So after a day of that caliber, what is there left to do but make supper with my harvest and watch some TV? I ended up enjoying a rerun of The Cosby Show over a plate of chicken with rhubarb sauce, beans and carrots, and mashed potatoes. It was great. So was the ice cream sundae afterwards. :)

The sun is now pretty much gone for the evening. The Spa Channel (Galaxie Radio) plays in the background on my TV. Soon, I will shut the computer down for the night, and finish off today with a good book before bed.

"Thank you, Father, for the beautiful surprises you are planning for me today." -- Robert Schuller

Saturday, July 16, 2011

Art in the Works; Works of Art

When it comes to my photography, I have no ambition to be a professional. I want the photography to always be enjoyable. I want to remain caught up in the moment of the photo and NOT get too caught up in the technicalities of making a perfect business shot. 

Still, in the last year or so, I have been wanting to make more out of my photography.

Last week, I stumbled upon a website called ViewBug. It's a site that allows photographers to upload their work and have it displayed in ViewBug's online gallery; or entered into one of any number of photo contests the site has running; or made available for purchase and print. The concept of the site seemed quite intriguing, and basic membership is free, so I thought, "why not?"

I'm not sure of the publicity of ViewBug outside of its registered members, so perhaps I will never sell a single image. I may not even be recognized in a single contest. Still, I am excited even about the potential.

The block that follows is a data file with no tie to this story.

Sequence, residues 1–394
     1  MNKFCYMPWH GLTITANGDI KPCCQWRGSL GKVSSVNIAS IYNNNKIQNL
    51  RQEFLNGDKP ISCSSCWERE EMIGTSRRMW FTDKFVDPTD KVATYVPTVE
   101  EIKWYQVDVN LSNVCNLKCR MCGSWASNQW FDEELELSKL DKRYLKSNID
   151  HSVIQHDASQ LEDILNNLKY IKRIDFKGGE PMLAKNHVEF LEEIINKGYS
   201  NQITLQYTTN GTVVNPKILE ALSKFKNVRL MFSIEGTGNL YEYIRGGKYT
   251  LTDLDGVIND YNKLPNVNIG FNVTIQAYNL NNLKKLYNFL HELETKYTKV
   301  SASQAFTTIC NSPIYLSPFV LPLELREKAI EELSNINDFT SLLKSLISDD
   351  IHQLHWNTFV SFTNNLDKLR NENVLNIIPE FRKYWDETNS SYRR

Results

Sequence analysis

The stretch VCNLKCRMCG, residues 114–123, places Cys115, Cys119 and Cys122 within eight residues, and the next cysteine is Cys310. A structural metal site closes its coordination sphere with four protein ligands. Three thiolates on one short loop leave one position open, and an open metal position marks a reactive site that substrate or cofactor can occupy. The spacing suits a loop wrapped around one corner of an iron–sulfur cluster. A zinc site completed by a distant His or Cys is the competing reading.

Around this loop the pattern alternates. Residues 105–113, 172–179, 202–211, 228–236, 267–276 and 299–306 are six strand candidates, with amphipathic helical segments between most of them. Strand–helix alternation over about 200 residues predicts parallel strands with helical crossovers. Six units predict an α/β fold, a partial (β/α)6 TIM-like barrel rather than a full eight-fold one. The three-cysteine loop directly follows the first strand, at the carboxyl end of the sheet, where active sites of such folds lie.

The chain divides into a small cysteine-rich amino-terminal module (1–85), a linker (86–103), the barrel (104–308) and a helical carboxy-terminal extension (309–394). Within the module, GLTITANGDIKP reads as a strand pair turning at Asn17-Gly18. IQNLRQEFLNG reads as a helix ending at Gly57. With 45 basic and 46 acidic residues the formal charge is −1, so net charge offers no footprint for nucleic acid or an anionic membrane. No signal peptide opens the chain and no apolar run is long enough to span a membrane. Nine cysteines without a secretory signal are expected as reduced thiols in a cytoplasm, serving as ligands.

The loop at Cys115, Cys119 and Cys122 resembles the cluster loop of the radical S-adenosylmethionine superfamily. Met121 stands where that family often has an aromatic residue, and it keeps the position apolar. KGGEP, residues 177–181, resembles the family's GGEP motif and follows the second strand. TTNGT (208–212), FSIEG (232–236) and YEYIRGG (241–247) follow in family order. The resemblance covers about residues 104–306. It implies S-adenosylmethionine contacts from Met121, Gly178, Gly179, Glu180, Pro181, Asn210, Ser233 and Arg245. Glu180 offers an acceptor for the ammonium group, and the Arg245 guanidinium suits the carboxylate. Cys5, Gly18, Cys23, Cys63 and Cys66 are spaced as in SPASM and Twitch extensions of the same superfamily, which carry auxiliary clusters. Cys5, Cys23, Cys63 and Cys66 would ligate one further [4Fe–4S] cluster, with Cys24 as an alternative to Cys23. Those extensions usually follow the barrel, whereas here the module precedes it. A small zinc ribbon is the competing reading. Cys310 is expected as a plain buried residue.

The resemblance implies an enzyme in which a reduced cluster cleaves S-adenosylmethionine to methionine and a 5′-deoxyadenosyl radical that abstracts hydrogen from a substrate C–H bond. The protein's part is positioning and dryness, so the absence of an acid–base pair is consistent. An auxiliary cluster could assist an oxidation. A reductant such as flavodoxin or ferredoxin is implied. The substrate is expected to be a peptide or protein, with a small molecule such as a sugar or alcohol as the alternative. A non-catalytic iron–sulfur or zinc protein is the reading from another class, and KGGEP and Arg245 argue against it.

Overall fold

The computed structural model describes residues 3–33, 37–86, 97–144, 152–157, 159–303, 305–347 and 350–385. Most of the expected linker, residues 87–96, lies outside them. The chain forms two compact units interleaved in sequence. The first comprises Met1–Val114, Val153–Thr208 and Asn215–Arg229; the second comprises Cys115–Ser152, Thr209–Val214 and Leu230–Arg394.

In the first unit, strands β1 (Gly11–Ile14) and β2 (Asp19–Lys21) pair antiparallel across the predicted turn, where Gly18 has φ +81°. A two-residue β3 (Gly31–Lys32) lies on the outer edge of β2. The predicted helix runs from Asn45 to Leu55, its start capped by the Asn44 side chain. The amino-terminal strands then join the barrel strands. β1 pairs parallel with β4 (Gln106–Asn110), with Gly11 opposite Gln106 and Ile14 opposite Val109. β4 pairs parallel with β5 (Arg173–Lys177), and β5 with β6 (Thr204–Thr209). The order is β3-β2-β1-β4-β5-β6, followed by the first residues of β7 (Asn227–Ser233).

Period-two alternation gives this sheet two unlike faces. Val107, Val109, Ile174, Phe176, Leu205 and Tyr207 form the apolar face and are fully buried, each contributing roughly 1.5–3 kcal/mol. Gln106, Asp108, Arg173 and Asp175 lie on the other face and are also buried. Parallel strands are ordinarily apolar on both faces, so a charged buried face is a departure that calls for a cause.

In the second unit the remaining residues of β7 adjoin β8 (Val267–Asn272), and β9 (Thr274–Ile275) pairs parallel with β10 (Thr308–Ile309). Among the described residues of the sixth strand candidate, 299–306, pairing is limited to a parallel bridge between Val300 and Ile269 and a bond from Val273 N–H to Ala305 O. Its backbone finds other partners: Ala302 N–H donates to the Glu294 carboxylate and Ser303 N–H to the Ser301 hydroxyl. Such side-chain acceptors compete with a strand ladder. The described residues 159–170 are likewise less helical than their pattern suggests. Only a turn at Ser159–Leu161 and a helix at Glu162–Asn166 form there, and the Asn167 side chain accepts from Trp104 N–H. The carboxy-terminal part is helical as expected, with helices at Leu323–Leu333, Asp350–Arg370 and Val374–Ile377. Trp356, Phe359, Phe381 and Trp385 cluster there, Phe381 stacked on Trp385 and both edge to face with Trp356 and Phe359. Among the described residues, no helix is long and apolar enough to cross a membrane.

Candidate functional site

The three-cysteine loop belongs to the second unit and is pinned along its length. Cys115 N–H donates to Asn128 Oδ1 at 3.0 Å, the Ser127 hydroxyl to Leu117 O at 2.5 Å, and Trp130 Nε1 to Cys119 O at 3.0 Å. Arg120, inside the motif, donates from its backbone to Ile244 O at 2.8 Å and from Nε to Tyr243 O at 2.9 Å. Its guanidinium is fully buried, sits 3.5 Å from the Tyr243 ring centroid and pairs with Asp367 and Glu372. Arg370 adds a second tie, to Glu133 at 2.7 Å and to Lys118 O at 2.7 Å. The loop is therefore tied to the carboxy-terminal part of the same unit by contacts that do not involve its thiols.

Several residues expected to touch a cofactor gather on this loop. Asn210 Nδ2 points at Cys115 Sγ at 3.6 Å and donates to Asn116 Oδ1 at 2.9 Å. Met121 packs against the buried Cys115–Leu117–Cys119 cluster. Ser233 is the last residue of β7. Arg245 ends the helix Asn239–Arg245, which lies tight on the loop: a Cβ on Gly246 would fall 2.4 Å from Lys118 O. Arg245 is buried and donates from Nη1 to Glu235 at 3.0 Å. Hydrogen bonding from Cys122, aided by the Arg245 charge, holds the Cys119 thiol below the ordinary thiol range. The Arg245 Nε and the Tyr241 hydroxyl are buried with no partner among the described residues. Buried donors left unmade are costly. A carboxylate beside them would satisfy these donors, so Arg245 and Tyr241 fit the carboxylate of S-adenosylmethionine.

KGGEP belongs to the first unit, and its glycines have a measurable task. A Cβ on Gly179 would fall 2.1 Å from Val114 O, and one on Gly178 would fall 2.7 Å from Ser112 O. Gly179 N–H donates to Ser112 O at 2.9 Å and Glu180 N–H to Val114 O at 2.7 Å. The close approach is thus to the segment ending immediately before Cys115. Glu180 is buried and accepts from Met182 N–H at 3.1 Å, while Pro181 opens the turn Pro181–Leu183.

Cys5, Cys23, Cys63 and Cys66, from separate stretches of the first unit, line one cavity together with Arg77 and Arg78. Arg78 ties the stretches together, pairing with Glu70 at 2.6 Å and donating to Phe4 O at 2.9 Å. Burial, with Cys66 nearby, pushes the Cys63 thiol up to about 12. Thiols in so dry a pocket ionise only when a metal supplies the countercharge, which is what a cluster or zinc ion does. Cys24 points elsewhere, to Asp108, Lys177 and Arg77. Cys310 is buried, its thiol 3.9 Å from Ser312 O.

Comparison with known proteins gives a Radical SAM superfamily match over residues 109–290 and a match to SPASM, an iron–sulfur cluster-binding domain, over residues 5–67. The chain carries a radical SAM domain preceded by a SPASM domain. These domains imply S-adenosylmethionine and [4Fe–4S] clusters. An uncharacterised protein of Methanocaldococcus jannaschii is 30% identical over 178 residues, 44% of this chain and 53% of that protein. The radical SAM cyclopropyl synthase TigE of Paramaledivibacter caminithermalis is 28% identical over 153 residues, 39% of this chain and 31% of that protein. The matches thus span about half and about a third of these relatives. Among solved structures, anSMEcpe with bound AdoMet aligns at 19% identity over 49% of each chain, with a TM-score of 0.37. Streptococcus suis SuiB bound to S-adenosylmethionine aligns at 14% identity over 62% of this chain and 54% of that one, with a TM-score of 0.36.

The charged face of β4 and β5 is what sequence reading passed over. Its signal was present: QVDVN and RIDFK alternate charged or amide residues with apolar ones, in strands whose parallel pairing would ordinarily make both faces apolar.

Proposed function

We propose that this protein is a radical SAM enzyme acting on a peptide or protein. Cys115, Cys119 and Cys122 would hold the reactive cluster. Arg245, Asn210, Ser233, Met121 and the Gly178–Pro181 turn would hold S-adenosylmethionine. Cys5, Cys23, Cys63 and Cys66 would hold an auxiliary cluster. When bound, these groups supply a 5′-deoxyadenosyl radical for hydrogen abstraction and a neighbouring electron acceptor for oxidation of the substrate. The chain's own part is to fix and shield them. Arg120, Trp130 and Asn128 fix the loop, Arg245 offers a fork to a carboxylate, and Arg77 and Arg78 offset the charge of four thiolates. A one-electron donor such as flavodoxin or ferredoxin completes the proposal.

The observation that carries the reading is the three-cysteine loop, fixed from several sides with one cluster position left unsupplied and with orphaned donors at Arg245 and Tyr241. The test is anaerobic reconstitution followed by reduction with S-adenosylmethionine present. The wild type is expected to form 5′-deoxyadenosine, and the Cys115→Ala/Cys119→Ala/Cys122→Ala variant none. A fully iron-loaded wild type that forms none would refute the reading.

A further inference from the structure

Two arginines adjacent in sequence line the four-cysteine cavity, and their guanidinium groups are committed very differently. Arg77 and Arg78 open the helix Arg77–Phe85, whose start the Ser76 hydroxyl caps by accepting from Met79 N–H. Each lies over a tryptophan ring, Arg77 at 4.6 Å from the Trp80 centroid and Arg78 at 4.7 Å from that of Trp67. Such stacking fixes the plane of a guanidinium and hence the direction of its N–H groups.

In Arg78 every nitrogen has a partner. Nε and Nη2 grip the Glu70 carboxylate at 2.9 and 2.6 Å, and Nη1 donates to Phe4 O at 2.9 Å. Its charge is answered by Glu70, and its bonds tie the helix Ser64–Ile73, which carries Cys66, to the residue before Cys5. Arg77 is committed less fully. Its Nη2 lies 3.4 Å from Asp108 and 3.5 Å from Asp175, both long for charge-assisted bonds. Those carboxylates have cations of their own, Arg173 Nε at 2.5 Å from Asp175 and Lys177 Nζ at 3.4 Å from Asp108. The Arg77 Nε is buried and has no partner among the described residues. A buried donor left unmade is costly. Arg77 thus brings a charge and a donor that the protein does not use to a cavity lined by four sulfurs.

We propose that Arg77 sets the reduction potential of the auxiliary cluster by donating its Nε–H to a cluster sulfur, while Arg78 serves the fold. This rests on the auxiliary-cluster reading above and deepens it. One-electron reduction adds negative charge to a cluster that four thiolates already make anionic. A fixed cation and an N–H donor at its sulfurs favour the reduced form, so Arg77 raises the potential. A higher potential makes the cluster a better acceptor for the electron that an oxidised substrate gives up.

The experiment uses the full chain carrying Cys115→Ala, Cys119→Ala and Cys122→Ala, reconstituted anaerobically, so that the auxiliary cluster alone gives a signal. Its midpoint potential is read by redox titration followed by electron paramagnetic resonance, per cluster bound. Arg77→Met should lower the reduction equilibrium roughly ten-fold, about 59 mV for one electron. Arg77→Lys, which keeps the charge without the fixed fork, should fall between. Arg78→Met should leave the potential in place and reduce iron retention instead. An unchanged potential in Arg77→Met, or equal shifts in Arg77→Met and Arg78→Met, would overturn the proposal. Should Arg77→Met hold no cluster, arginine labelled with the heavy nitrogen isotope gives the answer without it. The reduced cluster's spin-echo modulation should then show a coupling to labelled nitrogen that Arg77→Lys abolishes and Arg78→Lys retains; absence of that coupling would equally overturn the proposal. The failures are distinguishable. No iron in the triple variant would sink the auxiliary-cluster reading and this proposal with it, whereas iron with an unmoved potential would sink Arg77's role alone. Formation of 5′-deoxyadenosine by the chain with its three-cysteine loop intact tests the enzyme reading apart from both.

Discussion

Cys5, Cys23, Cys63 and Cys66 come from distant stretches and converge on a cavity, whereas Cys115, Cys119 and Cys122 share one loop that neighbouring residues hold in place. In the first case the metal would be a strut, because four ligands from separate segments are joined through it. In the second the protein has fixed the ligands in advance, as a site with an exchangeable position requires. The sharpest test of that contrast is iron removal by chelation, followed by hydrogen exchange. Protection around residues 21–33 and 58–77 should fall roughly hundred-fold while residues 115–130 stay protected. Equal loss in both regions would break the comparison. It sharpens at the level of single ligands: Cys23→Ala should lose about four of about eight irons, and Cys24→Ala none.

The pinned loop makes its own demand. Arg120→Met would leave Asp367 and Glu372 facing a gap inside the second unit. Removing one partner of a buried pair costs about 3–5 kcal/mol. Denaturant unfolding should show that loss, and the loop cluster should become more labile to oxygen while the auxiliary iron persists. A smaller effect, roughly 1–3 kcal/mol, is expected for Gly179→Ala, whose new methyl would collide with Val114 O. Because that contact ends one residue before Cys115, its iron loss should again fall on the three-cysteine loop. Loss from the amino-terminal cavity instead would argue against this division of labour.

...Need some new art for your walls?

Friday, July 15, 2011

30 1/2

In the summer time, my schedule is not as packed with things to do. Often I find that each day kind of runs into the next, and my sense of time tends to disappear a little bit. So it was the other evening, as I was climbing into bed, that I thought of the fact that it was July 13.

When I was a kid, this was an important day in my mind. It marked the half way point between my previous birthday and my next birthday. It meant that I could officially refer to myself as whatever-and-a-half years old when asked my age. Somewhere in my early teens, I stopped referring to my age in terms of halves. And if someone asked, and we were well into fall or winter, I would just say, "well, I'm almost..." whatever age was coming up. But every July 13--in my head--I would quietly think, "I'm officially #-and-a-half." Every year. Including this one.

I am 30 1/2.

Doesn't even really roll off the tongue.

I wasn't sure about turning 30. I'm still not sure about being 30. Half way through the year already, and I feel like it's mostly been an uphill adventure. Tight budgets, long winter, challenging work, change and transition. Summer has arrived, and while the pace of things has slowed dramatically, the joy in things continues to be something I must make more of a conscious effort to find and embrace than usual.

It is there. In the taste of snap peas from my garden. In the warmth of the sunshine. In brisk walks and good talks with friends. ...I am ridiculously blessed, and I am thankful for that--otherwise, this would be a really long year! The Fruit of the Spirit nourishes when we are in a season of drought. The Armor of God protects when we are attacked by challenges and doubts. I just need to maintain perspective.

Still, I think I'm also a little bit thankful that I am now closer to 31 than 30. Not that I'm thankful to be getting older. But thankful of the reminder that time keeps moving forward. I know from past experience that the desert place is only temporary. And God can make a path for me through desert sand just as well as anywhere else.

Thursday, July 7, 2011


"Summer is the time when one sheds one's tensions with one's clothes, and the right kind of day is jeweled balm for the battered spirit. A few of those days and you can become drunk with the belief that all's right with the world." -- Ada Louise Huxtable